Ever felt stuck in a relationship knowing full well things weren't working in spite of your efforts yet you'd felt helpless, unable to leave? Or maybe your last relationship ended some time ago if it weren't for the fact you and your ex somehow other manage to re-emerge in each other's lives. Perhaps you're feeling controlled or smothered, locked into a seemingly endless power struggle with your partner. Or are you one of those believing that you're forever cursed to meeting the 'wrong' people? Regardless of your circumstance, being in a poisonous relationship is a lot like being in your own prison.
A relationship can provide for a secure bond with your partner. Such a bond can be a source for tremendous growth, self-discovery, and great joy. A relationship can also be a life-draining entity; a malignant, hostile, and unfriendly place where our very security (and sanity) feels threatened. If a toxic relationship is the prison, codependency is the warden to which we unwittingly submit to. The upshot is that some who go to prison end up finding themselves; their inner peace, their solitude, and yes as paradoxical as it may sound, their freedom too.
If you're reading this then it is likely that you're in the throes of an unhealthy relationship. Or maybe your last relationship imploded and you're in the process of picking up the pieces, wanting not to repeat the lessons of old. "Why do I keep getting into dysfunctional relationships?", a client of mine quips, head buried in his hands. Another client, frustrated and disheartened ponders aloud "I saw the red flags, why didn't I get out when I had the chance?".
Feeling imprisoned often leaves one feeling hopeless
Whether you've had 3 failed relationships in as many years, remain stuck in a toxic pattern with your partner looking for a way forward, or you're wanting to improve the overall quality of your connections, this article is for you.
Below are 5 ways to help you bust-out of the codependency prison:
1. NOBODY IS RESPONSIBLE FOR YOUR HAPPINESS BUT YOU
Relationships can sometimes have an addictive quality. When another person feels like our salvation to an undesirable life situation, it is easier to relate to the addict who turns to drugs to escape his/her pain. As with any addiction, once the initial euphoria wears-off that other person can feel like the source of our discontent.
As with any addiction, the first step towards recovery (breaking out from the prison) begins when we take accountability; for our thoughts, our feelings, and in particular our needs. This one simple truth is liberating. Once you've realized that you're responsible for yourself, you then have the freedom to make a change for the better.
2. COPING BETTER WITH UNCERTAINTY
Your partner is upset. The day is seemingly at a stand-still as you are paralyzed with intrusive thoughts, worried about the state of your relationship. Your partner hasn't texted you all day. You begin to panic. Worried that something's wrong you send a text hoping for a response to set your mind at ease. An hour later and no reply. Panic begins to set-in, your stomach begins to knot up.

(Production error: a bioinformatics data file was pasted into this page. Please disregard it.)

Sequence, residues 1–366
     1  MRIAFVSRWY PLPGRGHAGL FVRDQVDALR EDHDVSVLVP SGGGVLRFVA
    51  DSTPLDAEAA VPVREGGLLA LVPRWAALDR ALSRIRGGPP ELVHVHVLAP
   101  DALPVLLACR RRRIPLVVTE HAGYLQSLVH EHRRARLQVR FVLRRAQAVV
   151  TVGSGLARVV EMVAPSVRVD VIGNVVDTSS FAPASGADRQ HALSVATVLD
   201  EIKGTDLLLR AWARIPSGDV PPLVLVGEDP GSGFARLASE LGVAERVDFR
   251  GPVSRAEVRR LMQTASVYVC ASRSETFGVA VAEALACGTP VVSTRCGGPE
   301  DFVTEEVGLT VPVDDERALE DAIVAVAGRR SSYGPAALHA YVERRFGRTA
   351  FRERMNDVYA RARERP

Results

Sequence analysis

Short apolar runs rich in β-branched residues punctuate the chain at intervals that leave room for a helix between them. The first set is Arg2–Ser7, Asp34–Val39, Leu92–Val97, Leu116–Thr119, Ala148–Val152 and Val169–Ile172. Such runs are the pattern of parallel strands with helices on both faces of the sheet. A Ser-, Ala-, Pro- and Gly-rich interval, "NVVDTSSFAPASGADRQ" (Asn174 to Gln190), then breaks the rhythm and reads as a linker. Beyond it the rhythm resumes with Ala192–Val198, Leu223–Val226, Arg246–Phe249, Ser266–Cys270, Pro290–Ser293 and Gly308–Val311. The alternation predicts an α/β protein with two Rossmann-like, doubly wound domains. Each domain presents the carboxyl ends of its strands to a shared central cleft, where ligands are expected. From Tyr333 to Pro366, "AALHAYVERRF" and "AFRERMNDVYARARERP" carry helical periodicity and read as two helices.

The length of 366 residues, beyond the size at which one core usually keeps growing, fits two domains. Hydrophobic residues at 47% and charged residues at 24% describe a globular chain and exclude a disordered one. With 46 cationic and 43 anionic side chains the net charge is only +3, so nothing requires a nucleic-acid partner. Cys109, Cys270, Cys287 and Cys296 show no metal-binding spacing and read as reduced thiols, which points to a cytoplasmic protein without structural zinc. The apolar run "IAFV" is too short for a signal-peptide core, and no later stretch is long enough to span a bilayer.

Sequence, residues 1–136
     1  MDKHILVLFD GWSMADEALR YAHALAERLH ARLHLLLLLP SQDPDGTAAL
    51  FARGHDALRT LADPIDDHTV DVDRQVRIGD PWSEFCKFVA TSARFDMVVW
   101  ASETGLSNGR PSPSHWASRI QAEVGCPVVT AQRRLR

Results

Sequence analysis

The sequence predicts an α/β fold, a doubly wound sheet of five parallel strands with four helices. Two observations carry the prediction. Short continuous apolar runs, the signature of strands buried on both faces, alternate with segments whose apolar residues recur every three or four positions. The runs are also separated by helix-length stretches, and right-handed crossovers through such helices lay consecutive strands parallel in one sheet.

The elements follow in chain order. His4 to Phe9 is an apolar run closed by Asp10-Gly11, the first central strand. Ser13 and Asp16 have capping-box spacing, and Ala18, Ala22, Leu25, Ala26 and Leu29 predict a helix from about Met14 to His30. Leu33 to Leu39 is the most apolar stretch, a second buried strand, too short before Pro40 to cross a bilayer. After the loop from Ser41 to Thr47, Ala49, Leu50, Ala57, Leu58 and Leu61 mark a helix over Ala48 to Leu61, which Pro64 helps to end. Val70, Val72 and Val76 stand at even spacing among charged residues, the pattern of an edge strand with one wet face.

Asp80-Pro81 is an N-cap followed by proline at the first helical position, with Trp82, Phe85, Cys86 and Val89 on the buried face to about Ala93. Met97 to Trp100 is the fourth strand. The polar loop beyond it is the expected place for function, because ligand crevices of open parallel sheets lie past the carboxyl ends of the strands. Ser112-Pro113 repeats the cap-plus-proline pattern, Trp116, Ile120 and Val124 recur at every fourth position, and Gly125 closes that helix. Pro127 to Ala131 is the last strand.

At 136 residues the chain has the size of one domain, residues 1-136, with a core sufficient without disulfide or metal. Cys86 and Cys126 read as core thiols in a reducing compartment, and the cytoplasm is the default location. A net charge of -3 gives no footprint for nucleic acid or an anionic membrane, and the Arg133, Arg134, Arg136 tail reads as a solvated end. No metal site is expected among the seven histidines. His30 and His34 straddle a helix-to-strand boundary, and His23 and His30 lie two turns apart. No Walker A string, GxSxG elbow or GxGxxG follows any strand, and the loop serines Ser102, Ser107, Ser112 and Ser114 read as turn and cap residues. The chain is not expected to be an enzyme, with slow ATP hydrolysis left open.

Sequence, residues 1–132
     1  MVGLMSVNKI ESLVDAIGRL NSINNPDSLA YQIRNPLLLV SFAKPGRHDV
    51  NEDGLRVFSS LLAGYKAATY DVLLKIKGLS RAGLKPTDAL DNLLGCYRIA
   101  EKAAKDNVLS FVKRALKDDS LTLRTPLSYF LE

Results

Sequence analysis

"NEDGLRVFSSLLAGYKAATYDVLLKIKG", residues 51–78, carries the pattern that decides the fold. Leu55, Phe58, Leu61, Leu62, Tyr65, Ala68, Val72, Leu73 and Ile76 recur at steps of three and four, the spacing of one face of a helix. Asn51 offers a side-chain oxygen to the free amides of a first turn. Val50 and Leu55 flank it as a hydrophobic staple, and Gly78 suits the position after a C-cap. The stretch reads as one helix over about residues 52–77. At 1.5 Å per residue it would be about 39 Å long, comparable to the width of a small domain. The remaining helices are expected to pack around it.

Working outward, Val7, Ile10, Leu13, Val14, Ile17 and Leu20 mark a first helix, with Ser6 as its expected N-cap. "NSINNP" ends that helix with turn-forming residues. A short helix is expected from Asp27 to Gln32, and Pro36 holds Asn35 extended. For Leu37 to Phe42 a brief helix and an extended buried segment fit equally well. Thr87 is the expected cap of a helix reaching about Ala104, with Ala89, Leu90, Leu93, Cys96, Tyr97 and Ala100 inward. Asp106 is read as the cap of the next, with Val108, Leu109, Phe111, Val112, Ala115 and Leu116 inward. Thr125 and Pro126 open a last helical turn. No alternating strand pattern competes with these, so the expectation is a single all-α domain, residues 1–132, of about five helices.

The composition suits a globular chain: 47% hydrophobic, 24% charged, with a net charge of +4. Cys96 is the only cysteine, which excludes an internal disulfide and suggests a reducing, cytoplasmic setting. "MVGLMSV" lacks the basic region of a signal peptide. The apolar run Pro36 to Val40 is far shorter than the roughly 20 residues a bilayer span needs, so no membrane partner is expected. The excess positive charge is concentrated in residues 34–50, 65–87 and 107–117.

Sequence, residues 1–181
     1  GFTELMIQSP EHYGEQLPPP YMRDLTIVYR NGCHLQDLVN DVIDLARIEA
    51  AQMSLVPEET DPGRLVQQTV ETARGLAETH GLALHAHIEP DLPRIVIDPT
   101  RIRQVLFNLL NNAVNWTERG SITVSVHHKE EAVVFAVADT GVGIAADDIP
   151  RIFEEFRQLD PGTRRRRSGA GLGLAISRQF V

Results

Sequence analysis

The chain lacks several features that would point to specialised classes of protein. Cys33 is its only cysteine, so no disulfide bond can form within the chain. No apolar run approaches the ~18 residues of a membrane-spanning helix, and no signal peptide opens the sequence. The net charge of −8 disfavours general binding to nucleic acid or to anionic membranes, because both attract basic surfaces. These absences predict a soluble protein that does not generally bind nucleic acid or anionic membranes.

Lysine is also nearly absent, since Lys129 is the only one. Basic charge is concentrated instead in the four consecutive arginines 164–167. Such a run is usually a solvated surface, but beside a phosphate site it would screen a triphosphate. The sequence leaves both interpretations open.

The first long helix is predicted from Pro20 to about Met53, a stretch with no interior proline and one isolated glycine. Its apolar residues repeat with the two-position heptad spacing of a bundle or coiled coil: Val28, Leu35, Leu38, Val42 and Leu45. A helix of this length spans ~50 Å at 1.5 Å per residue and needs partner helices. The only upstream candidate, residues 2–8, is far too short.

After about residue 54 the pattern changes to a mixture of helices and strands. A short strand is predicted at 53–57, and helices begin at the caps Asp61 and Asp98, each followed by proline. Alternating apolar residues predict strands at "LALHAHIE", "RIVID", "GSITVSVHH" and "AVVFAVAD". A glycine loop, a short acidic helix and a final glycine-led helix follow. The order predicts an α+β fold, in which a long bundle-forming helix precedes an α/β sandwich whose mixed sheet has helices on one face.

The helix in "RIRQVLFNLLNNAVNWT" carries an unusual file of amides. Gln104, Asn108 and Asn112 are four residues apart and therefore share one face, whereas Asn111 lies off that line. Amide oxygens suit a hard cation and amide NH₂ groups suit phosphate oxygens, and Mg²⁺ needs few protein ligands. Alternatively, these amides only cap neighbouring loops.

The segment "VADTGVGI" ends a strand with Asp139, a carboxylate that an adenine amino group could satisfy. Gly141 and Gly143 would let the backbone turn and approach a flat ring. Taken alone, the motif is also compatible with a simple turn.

You're starting to really like that cool new guy you've been dating the past 3 weeks. It seemed as though that last date went well, but a week has gone by and he's yet to ask you out. With each passing day you anxiously wonder "Does he really like me?", "Am I going to see him again?", "Did I move too fast and he lost interest?".
While there is nothing inherently wrong with any of these thoughts, they become unhealthy when they imbued with an obsessive quality. Consumed by such thoughts we become anxious, easily irritated, and face an ongoing struggle to be present throughout the day. It may not be all that surprising to learn that these anxieties often lead to self-fulfilling prophecies. The guy seeking validation from his partner through a text message finds his 'proof' that he is unloveable by her latent reply, pushing her away as he protests her lack of responsiveness (she was actually tied-up in a business meeting). The young woman unsure if the guy she's dating shares the same feelings pulls away feels shame for 'too eagerly' putting herself out there. He does the same assuming she's no longer interested.
When our attachment fears are activated we may react as though he were starring us right in the eye.
If any of this sounds familiar, you're probably wondering how you can 'cool' yourself when dealing with uncertainty. While there is no way to inoculate yourself from all anxiety, the closest thing to a panacea is by giving yourself daily 'doses' of meditation.
By meditation I am not talking about spirituality, a religious experience, or having some sort of a divine epiphany (although if its any of these things, great!). Rather, the goal of meditation here is simply to calm the mind's chatter. This is done through the act of being present. To become more present, is to be free of toiling in past thoughts, or future projections. When we are present, grounded within ourselves. We are also able to stave-off any temptation to react so situations out of impulse. The space that meditation gives us, cools the limbic area of the brain and allows the prefrontal context (the area responsible for judgments, evaluations etc) to stay 'online' so we can then make more informed decisions. This can mean the difference between REACTING and RESPONDING to a situation.